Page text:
The British fashion industry is facing its toughest times as noted designers including JW Anderson, Erdem and Christopher Kane have opted out of this year’s London Fashion Week that begins today. And Burberry, which plans to participate in the show, will release only its menswear collection, deferring the release of women’s wear to a later date, says a report by the Womens Wear Daily.
In times like these, the industry is looking outward for solutions. British Fashion Council has roped in new sponsors in its tech companies, TikTok and Clearpay, besides launching London Fashion Week in Seoul, South Korea, through collaborations with multibrand retailer Boon the Shop. Supported by the British government’s Great Campaign, this project aims to showcase 11 designers including Alessandra Rich, Alighieri, Charles Jeffrey Loverboy, JW Anderson and Wales Bonner. It will include an online forum, to be co-hosted by BFC and WWD Greater China that will focus on British fashion businesses in the region.
No single advantage to British brands
The industry is currently in a mess as fashion houses are being made to fill out multiple value-added tax forms; decide who pays VAT, and bankroll the extra charges on materials and supplies they import from regions such as Asia, and then later export as finished goods to the EU.
The industry is not offering a single advantage to brands, says Stefano Martinetto, CEO and Co-Founder, Tommorrow London, which had to take extra warehouses in the UK besides paying duties on all deliveries to retailers outside UK. This doubled operational costs. However, the brand remains committed to protecting customers’ rights.
Another brand Temperley London had to organize a logistic platform in Italy to ensure the consistency and competitiveness of deliveries. Large brands such as Burberry, Next and Asos have to pay trade experts to pick through the complex rules of origin and VAT costs of doing business with Europe; while businesses sourcing and manufacturing outside the UK have to pay additional costs for everything from couriers to suppliers. In addition, these brands face delivery delays as the government has not expressed clear support to the industry.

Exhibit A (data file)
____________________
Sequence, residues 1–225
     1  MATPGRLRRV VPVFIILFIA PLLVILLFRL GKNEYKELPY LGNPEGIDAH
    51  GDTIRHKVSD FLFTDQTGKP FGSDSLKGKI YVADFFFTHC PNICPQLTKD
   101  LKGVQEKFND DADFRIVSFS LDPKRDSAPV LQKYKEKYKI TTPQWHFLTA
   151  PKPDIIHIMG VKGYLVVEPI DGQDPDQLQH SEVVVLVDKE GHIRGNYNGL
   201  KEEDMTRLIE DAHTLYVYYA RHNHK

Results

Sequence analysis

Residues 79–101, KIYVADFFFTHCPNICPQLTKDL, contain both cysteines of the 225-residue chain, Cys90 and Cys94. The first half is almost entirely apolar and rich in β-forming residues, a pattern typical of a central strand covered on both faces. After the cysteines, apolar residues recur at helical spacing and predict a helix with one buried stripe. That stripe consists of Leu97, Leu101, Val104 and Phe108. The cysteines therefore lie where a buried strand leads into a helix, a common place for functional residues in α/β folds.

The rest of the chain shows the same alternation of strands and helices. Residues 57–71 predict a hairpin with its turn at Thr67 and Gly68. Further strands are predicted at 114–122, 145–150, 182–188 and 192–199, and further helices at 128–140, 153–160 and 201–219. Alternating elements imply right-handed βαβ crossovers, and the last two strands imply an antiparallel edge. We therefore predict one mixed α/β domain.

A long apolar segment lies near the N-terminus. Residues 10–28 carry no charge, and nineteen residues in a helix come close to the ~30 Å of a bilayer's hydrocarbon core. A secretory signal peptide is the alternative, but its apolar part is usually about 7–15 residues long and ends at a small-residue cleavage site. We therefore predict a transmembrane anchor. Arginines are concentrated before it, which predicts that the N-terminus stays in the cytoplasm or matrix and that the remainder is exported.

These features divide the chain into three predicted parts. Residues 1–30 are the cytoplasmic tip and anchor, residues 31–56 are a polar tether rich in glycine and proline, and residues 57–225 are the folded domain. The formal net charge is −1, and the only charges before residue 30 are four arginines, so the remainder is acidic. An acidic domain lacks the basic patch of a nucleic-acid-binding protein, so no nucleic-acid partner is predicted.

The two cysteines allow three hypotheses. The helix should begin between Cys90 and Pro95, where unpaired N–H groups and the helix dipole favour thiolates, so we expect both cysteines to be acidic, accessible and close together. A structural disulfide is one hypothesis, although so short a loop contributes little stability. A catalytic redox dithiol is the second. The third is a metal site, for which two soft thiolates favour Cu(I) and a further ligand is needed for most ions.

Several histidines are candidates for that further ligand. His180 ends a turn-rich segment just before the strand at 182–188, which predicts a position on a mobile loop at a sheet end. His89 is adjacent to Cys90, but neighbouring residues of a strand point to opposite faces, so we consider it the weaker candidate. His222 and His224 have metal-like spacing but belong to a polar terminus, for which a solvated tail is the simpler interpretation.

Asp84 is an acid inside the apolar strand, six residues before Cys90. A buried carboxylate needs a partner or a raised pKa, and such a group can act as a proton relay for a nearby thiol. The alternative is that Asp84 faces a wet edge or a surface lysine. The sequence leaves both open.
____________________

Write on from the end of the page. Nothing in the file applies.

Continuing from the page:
European retailers ‘wait and watch’
European retailers are also being watchful while buying British goods. Luxury Italian retailer Modes Group is following the digital London Fashion Week before it decides to buy from British brands while Federica Montelli, Head-Fashion, La Rinascente aims to continue supporting British designers even though Brexit has made things complicated for the industry. Online retailers, outside UK, are returning their goods as they don’t want to pay extra charges. This leaves brands with no option but to destroy their goods, says Carlota Barrera, an emerging men’s wear designer.
Last year, the British government repealed tax-free shopping scheme for outsiders, adding to woes of the ailing industry. According to Tamara Cincik, CEO, Fashion Roundtable, if the government doesn’t revise its VAT policy, the British Fashion industry will remain in trouble long after lockdown eases. Buyers outside the EU continue to support London fashion houses. As Roopal Patel, Senior Vice President and Fashion Director, Saks Fifth Avenue says, she looks forward to discovering new talent at London Fashion Week while Mia Young, Chief Merchant, Lane Crawford, wants to see British brands’ innovativeness this season.